Gulf crisis and media

Muna Al Fuzai

The Gulf Cooperation Council (GCC) has been confronting a serious diplomatic crisis since the past three weeks, which may have implications on the future of the region and the world if not contained and dealt with firmness, transparency and diplomatic negotiations. The question that arises is over the role of the media in this crisis and if there is a way out. Despite the ambiguity of the crisis, I believe a solution is not hopeless or impossible. These are the reasons.


With the emergence of the Gulf crisis between Saudi Arabia, UAE and Bahrain with Qatar, there was great fear from Muslim Brotherhood groups all over the world. Their news channels and allies attacked Saudi Arabia and the UAE. Social media was filled with heated debate, videos, articles, tweets and religious WhatsApp messages showing the situation as a bomb that is about to explode.


There have been some dangerous tweets from people who poured more oil on fire while they don’t know anything about the supreme interest of the states, for the sake of material gains and a little fame. They have made the situation worse. Saudi Arabia and the UAE did well when they banned such ignorant statements. Because of the damage to the supreme interests of the state, national unity and social peace, these practices have a negative impact on the society and its unity. I am in favor of such firm procedures.


Saudi Arabia and its allies presented a list of 13 demands to Qatar last week through Kuwait, such as ending relations with the Muslim Brotherhood, Hezbollah, Al-Qaeda and Islamic State. These demands do not seem to be impossible if there is a genuine desire to maintain the security and strength of all Gulf states in front of enemies at home and abroad.


It is regrettable that the Muslim Brotherhood, their allies and the enemies of Gulf countries of different sects want to present the crisis to the world like it’s a war against Qatar. For example, the media has used the term ‘siege’ instead of ‘temporary boycott’. This is a deliberate exaggeration. It is not about Qatar or its future, or about the interests of Gulf countries, but personal interests, which have nothing to do with love for Qatar or concern for its interests. I cannot find a voice from these groups that calls for reform and unity and not division, and looks for what brings us together and not what separates us.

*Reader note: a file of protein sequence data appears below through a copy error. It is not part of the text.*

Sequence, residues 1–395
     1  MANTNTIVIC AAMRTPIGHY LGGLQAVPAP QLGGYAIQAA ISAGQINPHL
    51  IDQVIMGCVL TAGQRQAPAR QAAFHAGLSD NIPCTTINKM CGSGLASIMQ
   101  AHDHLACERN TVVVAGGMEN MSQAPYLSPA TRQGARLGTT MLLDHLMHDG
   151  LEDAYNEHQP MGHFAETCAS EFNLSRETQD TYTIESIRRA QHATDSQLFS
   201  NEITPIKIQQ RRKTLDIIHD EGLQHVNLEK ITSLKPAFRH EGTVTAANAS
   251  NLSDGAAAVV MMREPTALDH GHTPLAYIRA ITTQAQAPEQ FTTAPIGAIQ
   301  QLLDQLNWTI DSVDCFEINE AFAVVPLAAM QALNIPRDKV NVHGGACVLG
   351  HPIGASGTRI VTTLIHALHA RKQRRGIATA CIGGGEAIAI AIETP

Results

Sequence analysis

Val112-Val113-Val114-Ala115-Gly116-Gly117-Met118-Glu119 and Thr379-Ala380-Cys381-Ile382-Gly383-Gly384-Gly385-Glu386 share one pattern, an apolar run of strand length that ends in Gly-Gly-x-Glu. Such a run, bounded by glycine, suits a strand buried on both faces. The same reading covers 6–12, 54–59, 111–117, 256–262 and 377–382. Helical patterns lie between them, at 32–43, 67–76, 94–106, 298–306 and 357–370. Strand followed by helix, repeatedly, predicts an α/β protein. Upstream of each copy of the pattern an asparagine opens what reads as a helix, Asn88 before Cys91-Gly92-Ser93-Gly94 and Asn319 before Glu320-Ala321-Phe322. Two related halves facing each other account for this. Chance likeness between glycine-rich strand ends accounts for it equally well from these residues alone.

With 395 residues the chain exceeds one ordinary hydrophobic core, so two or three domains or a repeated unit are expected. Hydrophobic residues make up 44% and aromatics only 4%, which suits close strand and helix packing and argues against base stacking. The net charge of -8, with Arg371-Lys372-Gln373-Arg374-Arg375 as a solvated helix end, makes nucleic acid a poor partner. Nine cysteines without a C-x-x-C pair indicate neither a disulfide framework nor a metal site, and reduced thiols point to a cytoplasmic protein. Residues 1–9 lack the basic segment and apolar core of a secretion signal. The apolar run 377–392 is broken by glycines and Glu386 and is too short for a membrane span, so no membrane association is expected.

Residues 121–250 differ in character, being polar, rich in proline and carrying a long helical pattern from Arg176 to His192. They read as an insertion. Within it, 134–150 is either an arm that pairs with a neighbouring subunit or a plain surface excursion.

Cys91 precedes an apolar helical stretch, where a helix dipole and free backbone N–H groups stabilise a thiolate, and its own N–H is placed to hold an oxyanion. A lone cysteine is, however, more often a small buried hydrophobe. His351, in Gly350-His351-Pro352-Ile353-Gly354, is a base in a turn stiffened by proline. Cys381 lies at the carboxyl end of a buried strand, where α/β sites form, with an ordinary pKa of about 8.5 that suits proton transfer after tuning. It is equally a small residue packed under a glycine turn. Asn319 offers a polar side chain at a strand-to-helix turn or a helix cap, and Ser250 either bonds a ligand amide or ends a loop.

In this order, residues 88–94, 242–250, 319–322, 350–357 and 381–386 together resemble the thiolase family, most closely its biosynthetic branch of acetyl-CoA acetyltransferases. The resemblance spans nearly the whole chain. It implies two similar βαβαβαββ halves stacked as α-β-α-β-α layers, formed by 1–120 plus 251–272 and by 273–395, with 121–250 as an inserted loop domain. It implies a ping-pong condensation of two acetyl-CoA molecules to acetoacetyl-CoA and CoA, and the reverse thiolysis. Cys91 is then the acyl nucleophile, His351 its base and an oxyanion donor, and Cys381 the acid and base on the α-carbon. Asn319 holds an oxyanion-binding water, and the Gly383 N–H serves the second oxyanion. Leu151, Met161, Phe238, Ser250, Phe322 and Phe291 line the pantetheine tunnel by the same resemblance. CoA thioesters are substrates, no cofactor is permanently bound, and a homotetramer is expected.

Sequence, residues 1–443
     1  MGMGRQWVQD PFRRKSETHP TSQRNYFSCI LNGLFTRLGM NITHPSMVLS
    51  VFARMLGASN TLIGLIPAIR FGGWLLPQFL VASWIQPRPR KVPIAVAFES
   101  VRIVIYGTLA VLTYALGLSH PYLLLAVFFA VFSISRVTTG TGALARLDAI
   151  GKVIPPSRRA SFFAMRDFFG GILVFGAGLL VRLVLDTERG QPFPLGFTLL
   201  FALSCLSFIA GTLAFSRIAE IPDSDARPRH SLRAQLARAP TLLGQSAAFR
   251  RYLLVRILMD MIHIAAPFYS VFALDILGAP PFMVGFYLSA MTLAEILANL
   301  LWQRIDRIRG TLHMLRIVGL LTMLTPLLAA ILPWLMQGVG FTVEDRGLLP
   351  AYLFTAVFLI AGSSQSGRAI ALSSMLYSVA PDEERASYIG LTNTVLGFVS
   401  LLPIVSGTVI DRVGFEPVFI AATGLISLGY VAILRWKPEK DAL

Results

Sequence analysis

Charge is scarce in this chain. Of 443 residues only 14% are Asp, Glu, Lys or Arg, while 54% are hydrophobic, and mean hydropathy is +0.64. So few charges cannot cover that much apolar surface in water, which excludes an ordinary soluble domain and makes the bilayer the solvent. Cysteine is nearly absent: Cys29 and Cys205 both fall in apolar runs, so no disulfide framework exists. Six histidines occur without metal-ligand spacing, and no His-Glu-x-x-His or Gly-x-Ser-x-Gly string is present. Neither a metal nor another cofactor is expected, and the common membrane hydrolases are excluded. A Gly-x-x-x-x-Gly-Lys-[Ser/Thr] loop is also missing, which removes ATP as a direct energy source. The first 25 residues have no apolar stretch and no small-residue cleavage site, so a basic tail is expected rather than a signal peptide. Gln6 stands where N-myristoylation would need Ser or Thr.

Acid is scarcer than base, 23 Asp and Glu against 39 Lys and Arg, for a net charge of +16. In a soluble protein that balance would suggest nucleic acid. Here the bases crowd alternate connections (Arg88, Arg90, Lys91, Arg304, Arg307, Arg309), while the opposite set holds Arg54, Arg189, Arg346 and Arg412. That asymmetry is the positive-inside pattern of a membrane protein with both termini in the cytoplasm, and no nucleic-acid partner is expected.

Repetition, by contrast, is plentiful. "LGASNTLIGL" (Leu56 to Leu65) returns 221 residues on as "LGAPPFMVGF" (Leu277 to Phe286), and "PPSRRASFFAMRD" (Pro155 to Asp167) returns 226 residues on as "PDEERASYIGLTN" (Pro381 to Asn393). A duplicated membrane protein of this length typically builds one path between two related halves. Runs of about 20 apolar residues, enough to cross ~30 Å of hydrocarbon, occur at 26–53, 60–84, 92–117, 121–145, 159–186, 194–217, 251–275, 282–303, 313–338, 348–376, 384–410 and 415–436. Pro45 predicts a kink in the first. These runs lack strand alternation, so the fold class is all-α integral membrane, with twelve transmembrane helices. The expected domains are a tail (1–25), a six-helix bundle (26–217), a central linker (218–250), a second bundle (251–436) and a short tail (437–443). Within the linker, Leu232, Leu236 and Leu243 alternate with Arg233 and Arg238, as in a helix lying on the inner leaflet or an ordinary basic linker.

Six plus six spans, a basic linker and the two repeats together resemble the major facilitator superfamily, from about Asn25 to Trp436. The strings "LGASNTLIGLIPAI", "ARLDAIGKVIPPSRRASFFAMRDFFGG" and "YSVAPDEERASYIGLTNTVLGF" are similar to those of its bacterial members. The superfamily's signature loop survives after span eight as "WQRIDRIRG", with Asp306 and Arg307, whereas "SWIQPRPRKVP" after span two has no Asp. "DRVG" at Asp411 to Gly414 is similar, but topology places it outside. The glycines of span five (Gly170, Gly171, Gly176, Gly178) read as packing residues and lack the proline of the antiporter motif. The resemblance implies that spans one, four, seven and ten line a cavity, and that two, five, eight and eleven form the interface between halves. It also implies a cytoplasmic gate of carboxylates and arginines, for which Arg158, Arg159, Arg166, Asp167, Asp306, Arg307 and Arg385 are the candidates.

The Muslim Brotherhood around the world feels the danger impinging on them and is therefore shouting and yelling because its interests are at stake. Its supporters stand behind the evils of the world, the most important of which is terrorism. These extremist groups have multiple media outlets and it is essential to have a clear stand with a strong counterforce.


Ruler of Dubai Sheikh Mohammed bin Rashid has written a poem asking Qatar to accept the demands of neighboring Gulf Arab states as the deadline nears. Sheikh Mohammed bin Rashid Al-Maktoum, also Vice-President and Prime Minister of UAE, called on Qatar to abandon its current policy, referring to relations between Qatar and Iran. The poem was published on Instagram and thousands of people expressed their admiration for it. It is a clear media move and whether it has an immediate result or not, it is the diligent work of a patriotic man and I wish more people, especially writers and journalists in the Arab world, act with such courage. Salute to the ruler of Dubai!


Islam is not exclusive or limited to these groups and others. Islam is a faith that will remain as long as Allah wants it to be on earth and will not end with the end of these groups. Extremism is not confined to a group that is making spilling of Muslim blood permissible and violating it. The media too should not be a means to hide the truth, and it must have a clear and just stand.


By Muna Al-Fuzai

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